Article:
Remember the phat Xbox? The console that weights as much as a breeze-block and is mostly remembered for LAN games of Halo. Microsoft made a bit of a fuss a while back releasing the original Xbox Psychonauts on Game Pass. However it’s probably for the best that most people forgot about Psychonauts going into the sequel. It was a unique 3D adventure/platformer that had a cult following and was good at best and frustrating as hell at worst. It was released on PC, Linux, Mac, PS2 and Xbox so it wasn’t ever really an Xbox exclusive. Even Psychonauts 2 started out in 2015 as a Kickstarter on Fig and is being released on PS4, Mac, Linux, PC and all flavours of Xbox. With all this history behind it does Psychonauts 2 shine as a standout experience or was it best left in obscurity?
Psychonauts 2 really does start in the best way for a sequel like this. Everything from Psychonauts and the Psychonauts in the Rhombus of Ruin (the VR only game) is quickly explained through a short enjoyable cutscene. Immediately after you’re caught up with the basics you dive into a level that twists and turns quickly to get you up to speed with all the powers and controls. The story told through Psychonauts 2 is simply staggering. It is a game that feels a lot like a 3D Mario experience while telling a complex story about very difficult emotions and themes. There’s a strong focus of doing your best within your limits and healing throughout and it covers a lot of psychological issues that you just don’t expect to see in an platforming adventure game like this.
I realise the Psychonauts 2 visual style is not for everyone. I know there’s a little too much Boxtrolls about it for me to really become a massive fan but there is no denying how it’s an absolutely stunning game. Every world of levels has a different rendering filter and it’s not just slapped on the level with no thought; the colour schemes, enemies and objects are all tailored to fit the mood and aesthetic for that moment. Psychonauts 2 on the Series X is packed with reflections, ripples, clever lighting and everything a system that can run RTX can manage, it just oozes polish throughout. There were numerous moments where I’d simply stop and soak in how good it looks regardless of the ridiculousness going on.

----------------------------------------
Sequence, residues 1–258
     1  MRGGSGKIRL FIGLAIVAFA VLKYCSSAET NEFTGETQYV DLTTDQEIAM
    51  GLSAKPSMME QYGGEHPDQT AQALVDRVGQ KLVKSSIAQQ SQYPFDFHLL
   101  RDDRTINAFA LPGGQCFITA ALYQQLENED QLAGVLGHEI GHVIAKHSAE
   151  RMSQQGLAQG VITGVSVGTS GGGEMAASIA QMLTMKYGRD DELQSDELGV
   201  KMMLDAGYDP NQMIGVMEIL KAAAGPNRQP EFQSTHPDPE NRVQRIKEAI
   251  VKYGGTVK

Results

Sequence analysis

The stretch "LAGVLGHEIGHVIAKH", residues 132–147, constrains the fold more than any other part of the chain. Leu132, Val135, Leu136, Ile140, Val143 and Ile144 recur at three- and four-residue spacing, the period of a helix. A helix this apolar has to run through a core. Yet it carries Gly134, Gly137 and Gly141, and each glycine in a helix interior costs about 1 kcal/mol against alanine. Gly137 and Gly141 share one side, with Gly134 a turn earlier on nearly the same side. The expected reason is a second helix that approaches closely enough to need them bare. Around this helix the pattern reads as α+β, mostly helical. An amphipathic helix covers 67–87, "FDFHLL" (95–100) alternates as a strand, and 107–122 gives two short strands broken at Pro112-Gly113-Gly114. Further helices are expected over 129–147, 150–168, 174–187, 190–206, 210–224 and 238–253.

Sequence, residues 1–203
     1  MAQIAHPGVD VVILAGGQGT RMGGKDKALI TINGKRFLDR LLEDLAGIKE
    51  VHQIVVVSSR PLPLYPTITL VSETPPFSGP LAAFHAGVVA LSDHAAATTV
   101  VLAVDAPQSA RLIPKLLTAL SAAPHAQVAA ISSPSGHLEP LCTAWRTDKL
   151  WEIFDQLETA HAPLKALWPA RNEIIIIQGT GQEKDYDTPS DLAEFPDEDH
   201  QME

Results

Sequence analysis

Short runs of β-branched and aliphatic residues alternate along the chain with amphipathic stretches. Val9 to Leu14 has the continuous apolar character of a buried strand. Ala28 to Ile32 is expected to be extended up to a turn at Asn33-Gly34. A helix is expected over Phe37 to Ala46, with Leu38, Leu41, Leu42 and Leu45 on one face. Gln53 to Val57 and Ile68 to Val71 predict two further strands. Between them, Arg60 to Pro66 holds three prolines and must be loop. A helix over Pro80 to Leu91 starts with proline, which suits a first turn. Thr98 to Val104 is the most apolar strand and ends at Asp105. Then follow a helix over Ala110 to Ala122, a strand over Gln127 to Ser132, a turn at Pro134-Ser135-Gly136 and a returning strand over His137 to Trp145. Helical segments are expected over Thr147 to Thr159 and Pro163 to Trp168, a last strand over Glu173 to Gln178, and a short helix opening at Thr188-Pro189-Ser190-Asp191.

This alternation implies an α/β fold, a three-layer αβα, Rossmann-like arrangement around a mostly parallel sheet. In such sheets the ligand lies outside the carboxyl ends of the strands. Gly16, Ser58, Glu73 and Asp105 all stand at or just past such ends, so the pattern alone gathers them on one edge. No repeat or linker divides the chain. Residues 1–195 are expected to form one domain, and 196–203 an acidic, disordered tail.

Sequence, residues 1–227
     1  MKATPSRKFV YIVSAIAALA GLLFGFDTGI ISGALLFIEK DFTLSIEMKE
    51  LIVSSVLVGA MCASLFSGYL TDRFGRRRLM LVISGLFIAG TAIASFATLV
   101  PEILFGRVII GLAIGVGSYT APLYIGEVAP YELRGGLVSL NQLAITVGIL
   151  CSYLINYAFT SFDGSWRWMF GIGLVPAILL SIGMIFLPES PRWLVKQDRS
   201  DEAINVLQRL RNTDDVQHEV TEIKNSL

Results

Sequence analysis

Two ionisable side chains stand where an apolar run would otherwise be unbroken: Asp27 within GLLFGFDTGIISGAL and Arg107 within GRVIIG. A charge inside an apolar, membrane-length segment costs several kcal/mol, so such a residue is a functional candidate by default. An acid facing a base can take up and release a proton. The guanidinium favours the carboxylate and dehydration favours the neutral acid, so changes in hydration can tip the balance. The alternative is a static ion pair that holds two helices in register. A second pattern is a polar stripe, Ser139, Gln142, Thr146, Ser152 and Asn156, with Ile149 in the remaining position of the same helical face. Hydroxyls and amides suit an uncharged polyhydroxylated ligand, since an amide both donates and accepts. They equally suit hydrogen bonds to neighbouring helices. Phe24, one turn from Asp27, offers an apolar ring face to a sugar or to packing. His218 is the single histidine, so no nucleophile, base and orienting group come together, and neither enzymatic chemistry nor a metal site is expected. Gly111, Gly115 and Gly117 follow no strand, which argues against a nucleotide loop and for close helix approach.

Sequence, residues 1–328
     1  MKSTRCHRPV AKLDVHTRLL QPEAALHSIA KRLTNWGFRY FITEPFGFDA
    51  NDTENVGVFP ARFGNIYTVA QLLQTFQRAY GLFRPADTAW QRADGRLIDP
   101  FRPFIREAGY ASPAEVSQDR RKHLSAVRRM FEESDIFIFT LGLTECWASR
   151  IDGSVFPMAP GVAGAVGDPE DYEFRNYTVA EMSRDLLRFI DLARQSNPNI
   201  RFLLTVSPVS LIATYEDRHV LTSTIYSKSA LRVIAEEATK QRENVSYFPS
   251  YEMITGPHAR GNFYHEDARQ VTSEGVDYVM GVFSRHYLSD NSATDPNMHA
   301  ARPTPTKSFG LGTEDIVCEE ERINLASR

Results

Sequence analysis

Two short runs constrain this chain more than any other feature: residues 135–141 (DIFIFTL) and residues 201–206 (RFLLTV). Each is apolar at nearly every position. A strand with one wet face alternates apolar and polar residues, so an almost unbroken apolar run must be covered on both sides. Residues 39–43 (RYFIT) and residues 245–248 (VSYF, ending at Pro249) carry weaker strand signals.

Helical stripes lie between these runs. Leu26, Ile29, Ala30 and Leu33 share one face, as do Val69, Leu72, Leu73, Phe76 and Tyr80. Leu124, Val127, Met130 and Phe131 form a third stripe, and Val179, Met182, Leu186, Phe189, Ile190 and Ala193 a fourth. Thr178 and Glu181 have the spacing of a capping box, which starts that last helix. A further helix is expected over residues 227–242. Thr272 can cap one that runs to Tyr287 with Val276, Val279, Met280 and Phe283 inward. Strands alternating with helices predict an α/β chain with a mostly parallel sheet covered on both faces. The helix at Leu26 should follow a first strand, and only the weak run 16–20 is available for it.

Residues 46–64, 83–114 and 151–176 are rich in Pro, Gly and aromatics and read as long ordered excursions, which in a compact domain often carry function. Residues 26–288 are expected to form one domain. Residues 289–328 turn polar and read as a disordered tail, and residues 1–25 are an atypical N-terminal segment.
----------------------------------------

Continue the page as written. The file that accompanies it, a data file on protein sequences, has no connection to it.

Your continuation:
Everything visually strikes you constantly in Psychonauts 2 so it was quite surprising how little the soundtrack made an impact. There are some really clever uses of sounds and music for important moments but there isn’t any real need to re-listen to it once the credits roll (although the credits song is fantastic) It’s the same with the voice acting where lines are delivered perfectly to match the witty and cleverly written scripts but Raz still has a little of Spider-Man about him where he won’t shut up about the sounds of emotional baggage nearby.
Psychonauts 2 has one huge problem and it’s a strange one for a 3D platformer this enjoyable to have, it’s just too long. There are some stages where you’ll dive in only to find it’s not a singular area but another hub for a “collect 3 key items” quest and after a few hours it does feel like they could have been trimmed. It’s frustrating as every stage is simply incredible, there are some stellar award defining moments to be had and they just feel a little watered down by the journey to get there. It’s a strange thing to be complaining about given the quality of the levels that are there but it’s the equivalent of a decadent chocolate pudding and having just a little too much to eat.
There are so many nice touches to Psychonauts 2 and it feels a lot like a game that has gone through multiple quality of life improvements. You’ve tight controls throughout for platforming and switching between various abilities is snappy and fast. You can equip badges to improve specific skills and cosmetically change effects but all of these are simply the tools that you’ll use to experience the great story being told. Going back after the credits to collect more figments and hunting down more info in previous stages all felt great to do. This is considerably more accessible, interesting and fun than Mario Odyssey.
Psychonauts 2 is the first game I’ve ever played where I wish it had a subtitle instead of a sequel number. A lot of people are going to be instinctively put off playing Psychonauts 2 until they play Psychonauts and it’s the equivalent of not eating incredibly baked artisanal bread until you’ve tried the flour. Psychonauts 2 is just a shocking delight from start to finish with so many twists, nice touches and moments that pull you in. It’s one of the few 3D platformer adventure games that makes you want to play it all the way through to the brilliantly fantastical conclusion and not only does it pay off but it has you going back for more.
9/10 – A mind blowing romp through the psyche